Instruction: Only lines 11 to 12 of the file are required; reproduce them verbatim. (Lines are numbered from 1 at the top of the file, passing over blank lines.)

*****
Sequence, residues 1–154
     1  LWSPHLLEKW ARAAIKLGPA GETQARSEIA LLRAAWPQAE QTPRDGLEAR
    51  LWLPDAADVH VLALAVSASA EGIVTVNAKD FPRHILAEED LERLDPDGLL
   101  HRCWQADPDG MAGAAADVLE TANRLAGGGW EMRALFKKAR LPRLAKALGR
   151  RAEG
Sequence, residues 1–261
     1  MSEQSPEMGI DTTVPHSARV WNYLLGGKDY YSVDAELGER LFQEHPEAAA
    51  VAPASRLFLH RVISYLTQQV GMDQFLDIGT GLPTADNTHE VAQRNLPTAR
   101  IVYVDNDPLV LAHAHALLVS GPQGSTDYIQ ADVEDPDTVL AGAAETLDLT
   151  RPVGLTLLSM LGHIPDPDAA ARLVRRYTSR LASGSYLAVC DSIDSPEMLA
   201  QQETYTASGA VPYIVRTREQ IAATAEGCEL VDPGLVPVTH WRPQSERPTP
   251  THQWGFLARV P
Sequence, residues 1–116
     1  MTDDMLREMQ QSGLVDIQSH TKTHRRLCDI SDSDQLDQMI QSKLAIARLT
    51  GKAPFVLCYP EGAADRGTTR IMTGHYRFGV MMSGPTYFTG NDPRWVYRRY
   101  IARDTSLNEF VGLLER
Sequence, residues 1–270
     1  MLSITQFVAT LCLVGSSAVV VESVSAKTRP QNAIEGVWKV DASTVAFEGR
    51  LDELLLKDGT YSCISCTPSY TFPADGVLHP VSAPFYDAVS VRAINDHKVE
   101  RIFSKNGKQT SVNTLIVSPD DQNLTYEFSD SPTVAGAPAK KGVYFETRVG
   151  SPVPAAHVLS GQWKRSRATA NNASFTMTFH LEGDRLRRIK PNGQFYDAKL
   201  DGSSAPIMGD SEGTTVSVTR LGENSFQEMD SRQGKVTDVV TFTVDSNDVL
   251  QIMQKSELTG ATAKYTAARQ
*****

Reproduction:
   201  QQETYTASGA VPYIVRTREQ IAATAEGCEL VDPGLVPVTH WRPQSERPTP
   251  THQWGFLARV P